08.08.2012 ITF/ETF

On the day of their friendly match in Gotenborg, the International Transport Workers’ Federation (ITF) has today (8 August) written to the chief executive of Manchester United and the president of FC Barcelona asking them to use their influence with official sponsor Turkish Airlines over its sacking of 305 workers.

In the letters to David Gill and Sandro Rosell i Feliu, ITF general secretary David Cockroft described the background to the dispute between the Turkish Airlines management and the workers’ union, ITF affiliate Hava-Is.  

He urged both men to use their clubs’ global reputations and their leverage now, “and to urge the Turkish Airlines management to reconsider its unnecessarily heavy-handed action and to participate in good faith in a dialogue with the union with the intention of finding an equitable and positive outcome to the dispute”.

To David Gill, he cited “Manchester United’s … mission to be socially responsible” and welcomed “the club’s commitment to tackling environmental and social issues at regional, national and international level”.

To Sandro Rosell i Feliu, he praised FC Barcelona’s “values and historical association with the defence of democratic rights and freedom”.

David Cockroft said: “We and our affiliates would much rather work with good employers to establish best practice in the aviation industry and to address the huge challenges that we face, but when this kind of victimisation happens we have no choice but to act. Despite meetings between the ITF and Turkish government representatives in Geneva and London to try to find a resolution to the dispute, talks have failed, apparently due to a lack of willingness on the part of the airline’s management to achieve a mutually acceptable solution.”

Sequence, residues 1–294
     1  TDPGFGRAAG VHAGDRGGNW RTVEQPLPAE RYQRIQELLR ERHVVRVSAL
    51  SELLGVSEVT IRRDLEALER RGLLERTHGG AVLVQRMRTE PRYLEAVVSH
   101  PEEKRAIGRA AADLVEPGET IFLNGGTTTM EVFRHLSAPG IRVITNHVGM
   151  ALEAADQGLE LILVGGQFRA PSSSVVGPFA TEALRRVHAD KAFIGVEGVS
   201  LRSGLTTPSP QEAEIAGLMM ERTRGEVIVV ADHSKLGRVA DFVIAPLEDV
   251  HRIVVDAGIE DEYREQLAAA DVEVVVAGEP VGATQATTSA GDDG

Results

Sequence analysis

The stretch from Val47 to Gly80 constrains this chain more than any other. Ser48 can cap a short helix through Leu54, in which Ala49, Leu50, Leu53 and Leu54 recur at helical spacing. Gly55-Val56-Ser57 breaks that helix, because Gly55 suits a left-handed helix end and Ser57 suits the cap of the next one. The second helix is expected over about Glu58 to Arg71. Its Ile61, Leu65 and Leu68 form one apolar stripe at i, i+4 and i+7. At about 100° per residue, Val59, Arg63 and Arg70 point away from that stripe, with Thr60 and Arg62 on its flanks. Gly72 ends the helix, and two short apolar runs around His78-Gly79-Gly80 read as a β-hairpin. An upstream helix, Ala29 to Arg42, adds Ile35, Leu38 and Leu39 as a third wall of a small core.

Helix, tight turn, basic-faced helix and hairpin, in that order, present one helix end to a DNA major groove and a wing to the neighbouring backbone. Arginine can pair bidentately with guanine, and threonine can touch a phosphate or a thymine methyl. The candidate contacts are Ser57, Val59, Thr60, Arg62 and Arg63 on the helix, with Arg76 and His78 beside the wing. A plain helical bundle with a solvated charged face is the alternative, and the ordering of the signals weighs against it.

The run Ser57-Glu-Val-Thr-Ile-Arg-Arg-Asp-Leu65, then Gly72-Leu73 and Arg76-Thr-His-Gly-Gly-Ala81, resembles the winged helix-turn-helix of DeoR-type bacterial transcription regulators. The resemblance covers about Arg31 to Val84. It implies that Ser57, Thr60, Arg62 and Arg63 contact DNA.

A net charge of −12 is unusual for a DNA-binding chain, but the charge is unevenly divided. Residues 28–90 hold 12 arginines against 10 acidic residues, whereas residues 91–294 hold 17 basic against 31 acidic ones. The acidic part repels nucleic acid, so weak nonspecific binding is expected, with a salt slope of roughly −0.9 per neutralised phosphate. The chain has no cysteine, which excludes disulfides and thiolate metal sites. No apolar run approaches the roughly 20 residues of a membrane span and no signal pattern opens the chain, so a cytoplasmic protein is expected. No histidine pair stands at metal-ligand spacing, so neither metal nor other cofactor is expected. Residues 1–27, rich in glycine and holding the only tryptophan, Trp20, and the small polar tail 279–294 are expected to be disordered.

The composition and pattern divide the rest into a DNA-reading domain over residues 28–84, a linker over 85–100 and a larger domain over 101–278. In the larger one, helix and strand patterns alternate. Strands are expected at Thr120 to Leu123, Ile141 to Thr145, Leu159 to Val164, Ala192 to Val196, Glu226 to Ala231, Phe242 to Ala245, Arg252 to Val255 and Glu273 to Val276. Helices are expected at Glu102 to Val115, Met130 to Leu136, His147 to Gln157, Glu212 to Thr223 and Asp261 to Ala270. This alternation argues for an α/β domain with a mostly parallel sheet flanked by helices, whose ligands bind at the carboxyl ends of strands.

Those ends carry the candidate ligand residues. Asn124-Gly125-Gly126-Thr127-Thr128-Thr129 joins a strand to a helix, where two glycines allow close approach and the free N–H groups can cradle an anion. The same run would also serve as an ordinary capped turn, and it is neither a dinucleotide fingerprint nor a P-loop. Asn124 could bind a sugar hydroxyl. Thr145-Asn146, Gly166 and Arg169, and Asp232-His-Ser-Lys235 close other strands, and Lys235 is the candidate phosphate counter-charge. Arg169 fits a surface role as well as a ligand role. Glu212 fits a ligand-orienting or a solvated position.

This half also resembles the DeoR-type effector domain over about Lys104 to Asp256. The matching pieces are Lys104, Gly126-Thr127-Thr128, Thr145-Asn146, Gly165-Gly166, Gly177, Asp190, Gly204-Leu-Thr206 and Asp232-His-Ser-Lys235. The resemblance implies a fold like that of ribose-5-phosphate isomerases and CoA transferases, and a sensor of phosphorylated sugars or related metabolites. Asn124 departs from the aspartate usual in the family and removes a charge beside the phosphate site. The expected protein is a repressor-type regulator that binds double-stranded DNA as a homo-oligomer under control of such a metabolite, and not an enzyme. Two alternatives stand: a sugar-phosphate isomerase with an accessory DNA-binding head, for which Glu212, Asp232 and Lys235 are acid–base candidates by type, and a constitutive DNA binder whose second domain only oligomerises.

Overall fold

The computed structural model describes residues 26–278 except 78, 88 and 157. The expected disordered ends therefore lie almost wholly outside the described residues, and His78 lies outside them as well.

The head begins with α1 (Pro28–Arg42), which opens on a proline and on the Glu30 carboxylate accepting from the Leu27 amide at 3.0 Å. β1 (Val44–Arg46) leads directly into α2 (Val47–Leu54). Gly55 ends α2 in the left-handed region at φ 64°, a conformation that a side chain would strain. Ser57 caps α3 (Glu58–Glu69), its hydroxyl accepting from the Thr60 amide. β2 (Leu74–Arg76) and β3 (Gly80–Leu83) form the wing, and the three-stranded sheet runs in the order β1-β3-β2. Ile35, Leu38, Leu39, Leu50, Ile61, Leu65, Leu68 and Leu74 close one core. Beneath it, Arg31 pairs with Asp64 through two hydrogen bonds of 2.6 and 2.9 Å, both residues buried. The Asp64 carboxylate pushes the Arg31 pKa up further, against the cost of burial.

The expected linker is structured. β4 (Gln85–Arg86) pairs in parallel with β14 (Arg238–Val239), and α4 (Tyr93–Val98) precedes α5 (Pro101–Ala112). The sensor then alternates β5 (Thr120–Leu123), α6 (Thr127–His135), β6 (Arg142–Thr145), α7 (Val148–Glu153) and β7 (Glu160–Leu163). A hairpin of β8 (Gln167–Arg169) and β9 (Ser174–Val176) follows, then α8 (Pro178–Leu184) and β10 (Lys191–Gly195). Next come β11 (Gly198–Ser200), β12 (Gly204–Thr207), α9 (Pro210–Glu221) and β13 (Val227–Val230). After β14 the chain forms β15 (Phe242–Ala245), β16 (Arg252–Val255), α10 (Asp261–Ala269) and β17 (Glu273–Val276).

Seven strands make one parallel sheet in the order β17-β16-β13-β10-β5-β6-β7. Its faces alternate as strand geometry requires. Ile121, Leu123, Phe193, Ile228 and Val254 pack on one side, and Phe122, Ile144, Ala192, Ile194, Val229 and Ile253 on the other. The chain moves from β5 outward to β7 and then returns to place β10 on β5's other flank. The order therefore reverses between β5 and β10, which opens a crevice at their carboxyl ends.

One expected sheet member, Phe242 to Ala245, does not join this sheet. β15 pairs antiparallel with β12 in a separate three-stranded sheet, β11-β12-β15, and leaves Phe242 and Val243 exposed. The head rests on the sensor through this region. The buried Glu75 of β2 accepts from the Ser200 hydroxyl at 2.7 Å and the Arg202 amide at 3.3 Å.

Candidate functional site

On the same day, the ITF has released a short video, Brutally Yours, as part of its global campaign against the sackings.

In May this year, Turkish Airlines sacked 305 of its employees by text message, phone or email simply for protesting against a proposed amendment to the Turkish labour law which would remove their right to strike – something that runs contrary to the International Labour Organisation’s Convention 87 concerning freedom of association and protection of the right to organise, to which Turkey is a signatory.  The amendment was rushed through and took effect on 3 June 2012.